For too long, women around the globe have struggled under the yoke of noisy, messy snack foods.
Chips crunch. Doritos crumble in-mouth with explosive volume. Cheetos leave the kind of powdery finger residue only a hard-working, indomitable man could tolerate.
But at last, the gender-alert officials at PepsiCo — parent company of snack maker Frito-Lay — have recognized the struggle and moved to make life better for women everywhere with the idea of lady-friendly chips.
These kinder, gentler Doritos will have a less-audible crunch and won’t leave as much luscious and all-natural Cool Ranch powder on the dainty fingers of she-snackers.
PepsiCo CEO Indra Nooyi told Freakonomics Radio: “As you watch a lot of the young guys eat the chips, they love their Doritos, and they lick their fingers with great glee, and when they reach the bottom of the bag they pour the little broken pieces into their mouth, because they don't want to lose that taste of the flavor, and the broken chips in the bottom. … Women I think would love to do the same, but they don't. They don't like to crunch too loudly in public. And they don't lick their fingers generously and they don't like to pour the little broken pieces and the flavor into their mouth.”
It’s a well-established rule of etiquette that a proper lady never pours the flavor into her mouth. But in the modern era, is it fair that a woman should do without delicious, flavor-dusted corn-ish chips simply because her consumption volume would shatter the feminine mystique?
Of course not. This is a new age, and companies like Frito-Lay are embracing the feminist motto: “We’re here, we’re strong, and we hope nobody notices it when we’re eating chips!”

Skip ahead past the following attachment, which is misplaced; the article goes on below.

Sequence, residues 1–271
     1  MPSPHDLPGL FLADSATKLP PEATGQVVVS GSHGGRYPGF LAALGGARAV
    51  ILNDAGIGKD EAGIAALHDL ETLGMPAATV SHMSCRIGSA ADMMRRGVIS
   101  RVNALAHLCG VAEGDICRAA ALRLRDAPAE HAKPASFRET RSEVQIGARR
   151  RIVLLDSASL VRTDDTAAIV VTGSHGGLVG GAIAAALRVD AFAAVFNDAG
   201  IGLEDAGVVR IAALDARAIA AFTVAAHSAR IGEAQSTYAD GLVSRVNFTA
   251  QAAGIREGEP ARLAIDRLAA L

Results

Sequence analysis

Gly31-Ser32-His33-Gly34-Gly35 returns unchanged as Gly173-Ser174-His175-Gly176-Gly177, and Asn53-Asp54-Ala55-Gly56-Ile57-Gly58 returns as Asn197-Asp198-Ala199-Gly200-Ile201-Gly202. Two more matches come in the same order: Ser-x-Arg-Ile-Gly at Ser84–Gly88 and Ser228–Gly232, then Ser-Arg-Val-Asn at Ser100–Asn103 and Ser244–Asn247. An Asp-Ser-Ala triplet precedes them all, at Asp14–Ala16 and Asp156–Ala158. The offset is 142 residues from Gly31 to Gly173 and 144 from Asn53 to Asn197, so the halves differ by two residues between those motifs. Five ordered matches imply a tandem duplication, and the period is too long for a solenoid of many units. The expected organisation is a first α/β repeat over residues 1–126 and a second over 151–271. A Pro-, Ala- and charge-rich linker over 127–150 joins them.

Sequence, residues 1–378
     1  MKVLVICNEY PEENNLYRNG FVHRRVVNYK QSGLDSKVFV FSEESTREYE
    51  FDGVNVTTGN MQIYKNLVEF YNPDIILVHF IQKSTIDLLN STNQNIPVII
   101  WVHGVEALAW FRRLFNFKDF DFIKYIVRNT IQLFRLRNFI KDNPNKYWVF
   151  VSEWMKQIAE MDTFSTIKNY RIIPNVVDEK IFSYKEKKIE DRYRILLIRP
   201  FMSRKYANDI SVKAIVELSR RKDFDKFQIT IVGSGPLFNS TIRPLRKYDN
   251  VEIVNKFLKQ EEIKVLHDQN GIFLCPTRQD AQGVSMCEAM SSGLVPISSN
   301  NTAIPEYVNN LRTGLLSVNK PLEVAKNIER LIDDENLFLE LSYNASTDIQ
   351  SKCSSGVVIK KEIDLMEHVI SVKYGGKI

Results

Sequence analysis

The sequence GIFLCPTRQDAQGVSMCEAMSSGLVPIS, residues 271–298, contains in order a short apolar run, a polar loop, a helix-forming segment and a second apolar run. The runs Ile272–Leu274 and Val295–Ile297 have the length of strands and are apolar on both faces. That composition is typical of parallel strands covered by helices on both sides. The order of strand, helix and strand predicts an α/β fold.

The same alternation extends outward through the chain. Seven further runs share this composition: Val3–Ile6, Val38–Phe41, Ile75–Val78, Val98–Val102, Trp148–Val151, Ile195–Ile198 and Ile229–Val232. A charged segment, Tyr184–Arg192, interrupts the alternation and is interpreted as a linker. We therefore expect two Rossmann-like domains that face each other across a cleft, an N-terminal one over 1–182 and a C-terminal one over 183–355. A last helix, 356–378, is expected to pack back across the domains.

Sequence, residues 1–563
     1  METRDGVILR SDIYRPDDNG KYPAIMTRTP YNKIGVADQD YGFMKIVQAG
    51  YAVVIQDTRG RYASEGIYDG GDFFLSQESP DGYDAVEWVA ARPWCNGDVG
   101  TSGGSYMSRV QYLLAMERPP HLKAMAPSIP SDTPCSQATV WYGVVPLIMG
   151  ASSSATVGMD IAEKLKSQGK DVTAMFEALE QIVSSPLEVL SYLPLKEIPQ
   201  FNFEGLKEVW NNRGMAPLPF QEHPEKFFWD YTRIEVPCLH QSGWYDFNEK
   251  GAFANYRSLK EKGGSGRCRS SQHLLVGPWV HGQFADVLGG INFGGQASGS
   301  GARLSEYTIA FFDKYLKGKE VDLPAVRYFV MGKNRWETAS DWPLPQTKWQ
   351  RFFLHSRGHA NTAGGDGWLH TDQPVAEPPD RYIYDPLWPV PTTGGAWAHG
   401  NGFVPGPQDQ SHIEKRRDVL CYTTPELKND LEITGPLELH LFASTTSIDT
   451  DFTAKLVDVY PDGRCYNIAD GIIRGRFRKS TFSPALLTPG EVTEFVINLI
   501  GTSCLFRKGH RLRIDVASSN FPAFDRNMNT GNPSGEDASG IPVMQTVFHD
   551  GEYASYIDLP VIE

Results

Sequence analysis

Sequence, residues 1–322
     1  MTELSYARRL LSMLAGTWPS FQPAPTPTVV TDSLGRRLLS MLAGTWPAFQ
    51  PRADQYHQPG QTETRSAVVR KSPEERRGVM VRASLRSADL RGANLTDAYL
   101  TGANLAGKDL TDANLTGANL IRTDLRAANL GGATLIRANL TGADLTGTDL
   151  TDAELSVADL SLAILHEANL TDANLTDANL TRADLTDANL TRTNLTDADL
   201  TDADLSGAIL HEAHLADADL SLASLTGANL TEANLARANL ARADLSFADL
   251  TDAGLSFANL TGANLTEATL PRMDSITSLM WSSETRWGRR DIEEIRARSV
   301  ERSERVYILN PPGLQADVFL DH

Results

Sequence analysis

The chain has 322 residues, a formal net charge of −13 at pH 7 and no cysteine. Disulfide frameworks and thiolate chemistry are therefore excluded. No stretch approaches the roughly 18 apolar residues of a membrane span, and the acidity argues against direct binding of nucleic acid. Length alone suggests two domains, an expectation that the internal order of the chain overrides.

As news of these new gender-appropriate chips spread Monday, some women mocked Frito-Lay on Twitter, claiming the concept is sexist and out of touch: “Has anyone at Doritos ever met a lady”; “Hey girl, you’d be a lot prettier if you smiled more and crunched less”; “1917 called and they want their Doritos back.”
It’s a simple misunderstanding on their part. Allow me to mansplain why quieter chips for women are a sensible idea.
Going back to the earliest days of human history, men have sought food that makes a loud crunching sound when eaten. It’s an innate way of letting other humans know you have found food and are thus a successful provider and a virile manly man.
Archaeologists have found evidence of cavemen freezing woolly mammoth meat before eating it so it would crunch and crack, making the people in neighboring caves envious. (They also found evidence that women would take their frozen mammoth meat to a corner of the cave and attempt to eat it quietly, presumably so nearby men wouldn’t hear them and come over to explain something obvious.)
As time went on, this dynamic continued, with men displaying their prowess by eating noisily and slurping their fingers and burping while women quietly nibbled soft foods and wished they were elsewhere. In the early days of America, the Founding Fathers briefly considered adding a constitutional amendment that made it illegal for women to eat apples, but that was rendered unnecessary by the invention of applesauce.
Fast-forward to the present day and we still have most men gleefully crunching Cheetos while licking their fingers with loud, slobbery tongue laps. I do my level-best to amplify each meal, often consuming chicken bones or sprinkling small, crunchy pebbles in my otherwise silent soup. (Sorry, ladies, I’m taken.)
But as an ally to women, I’ve always felt bad that they’re unable to enjoy crunchy snacks. Granted, I don’t want to hear them eating those snacks — that would be awful — but I do want them to have a chance to enjoy the rich flavor profile of a Jacked 3-D Bacon Cheddar Ranch Dorito.
So kudos to Frito-Lay for seeking out ways to deliver soggy chips to women who wish to be seen but not heard eating snacks that have less flavor than man-food.
And hopefully, farmers and food manufactures will get to work making a few other items accessible to women. I suggest the following: “Soft Peanut Brittle … For Ladies”; “Crunch-Free She-Carrots”; “Cap’n-ette No-Crunch cereal”; and “Pringles in a Jar of Water.”
If any female readers need me to explain this issue in greater detail, just follow the enviable sound of robust chip crunching and fearless, manful finger licking. If you roll your eyes, I’ll know it’s a sign of great respect.